The US House of Representatives’ Committee on Education and Labor has advanced the Rehabilitation for Multiemployer Pensions Act, also known as the Butch Lewis Act, which aims to prevent the collapse of the nation’s multiemployer pension plans. The act passed the committee with 26 votes for, 18 against, and six abstentions.
The bipartisan bill would establish the Pension Rehabilitation Administration (PRA)
within the Department of the Treasury. The PRA would be authorized to issue bonds to finance loans to failing multiemployer pension plans, plans that have suspended benefits, and some recently insolvent plans currently receiving financial assistance from the Pension Benefit Guaranty Corporation (PBGC).
The bond proceeds would be kept in a separate Treasury fund known as the Pension Rehabilitation Trust Fund (PRTF). The PRA would be authorized to make loans from the PRTF to struggling multiemployer defined benefit plans. The amount of the loan would equal what a plan needs to fund its obligations for the benefits of participants and beneficiaries in pay status at the time the loan is made. The terms would require any plan receiving loans to make interest payments for 29 years, with final interest and principal repayment due in the 30th year.
Pension plans that could not remain or become solvent with only a loan could apply to the PBGC for financial assistance in conjunction with a PRA loan. The bill does not require benefit cuts. The bill also calls for a presidentially appointed director who would have a term of five years, and who would have the power to appoint deputy directors, officers, and employees.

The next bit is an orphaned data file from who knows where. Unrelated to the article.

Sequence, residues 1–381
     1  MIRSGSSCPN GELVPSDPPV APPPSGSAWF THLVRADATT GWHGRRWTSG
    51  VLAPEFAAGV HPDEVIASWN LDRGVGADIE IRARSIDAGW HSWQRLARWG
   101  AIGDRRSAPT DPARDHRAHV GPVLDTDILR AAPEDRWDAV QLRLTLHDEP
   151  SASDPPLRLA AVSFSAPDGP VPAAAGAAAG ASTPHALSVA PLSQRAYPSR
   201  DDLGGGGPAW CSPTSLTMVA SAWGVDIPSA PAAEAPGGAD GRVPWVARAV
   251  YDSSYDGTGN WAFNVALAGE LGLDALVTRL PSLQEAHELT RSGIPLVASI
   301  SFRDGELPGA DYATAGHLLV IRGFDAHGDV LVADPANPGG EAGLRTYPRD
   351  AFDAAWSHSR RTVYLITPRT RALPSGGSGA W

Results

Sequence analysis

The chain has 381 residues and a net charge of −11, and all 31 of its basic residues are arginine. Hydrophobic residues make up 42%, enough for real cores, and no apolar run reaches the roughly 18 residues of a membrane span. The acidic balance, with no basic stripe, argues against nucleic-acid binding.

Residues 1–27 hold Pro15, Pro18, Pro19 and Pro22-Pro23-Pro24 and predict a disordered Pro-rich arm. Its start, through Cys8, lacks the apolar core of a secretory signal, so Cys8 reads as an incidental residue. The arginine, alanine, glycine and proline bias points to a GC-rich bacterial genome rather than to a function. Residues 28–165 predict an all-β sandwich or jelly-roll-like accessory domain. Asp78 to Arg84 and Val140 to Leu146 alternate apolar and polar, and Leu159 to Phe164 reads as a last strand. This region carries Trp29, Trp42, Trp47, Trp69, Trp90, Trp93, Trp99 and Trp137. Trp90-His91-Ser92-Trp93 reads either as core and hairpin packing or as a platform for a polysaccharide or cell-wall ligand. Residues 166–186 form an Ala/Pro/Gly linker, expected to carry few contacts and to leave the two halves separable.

According to Josh Shapiro of the American Academy of Actuaries, the multiemployer pension system consists of approximately 1,250 active plans that cover between 10 million and 11 million people. And Department of Labor data shows that approximately 35% of those plans are either in endangered status, critical status, or in critical and declining status.
Although the Congressional Budget Office (CBO) has not yet provided an official cost estimate for the Act, it reviewed versions of the bill last year and gave preliminary estimates that ranged from $34 billion to $100 billion. However, according to Congressional testimony, the cost of doing nothing in terms of lost tax revenue and increased social safety net spending is estimated to be between $170.3 billion and $241.3 billion over the 10-year budget window, and between $332 billion and $479 billion over the next 30 years.
Teamsters General President Jim Hoffa lauded the advancement of the bill by the House committee.
“It is great to see the House Education and Labor Committee take the first step towards Congress ultimately protecting workers whose retirements are in jeopardy,” said Hoffa in a statement. “Now it’s time for the rest of Congress to follow suit and deliver for these hardworking Americans who are paying, or have paid, into the pension pool and have played by the rules all their lives.”Related Stories:
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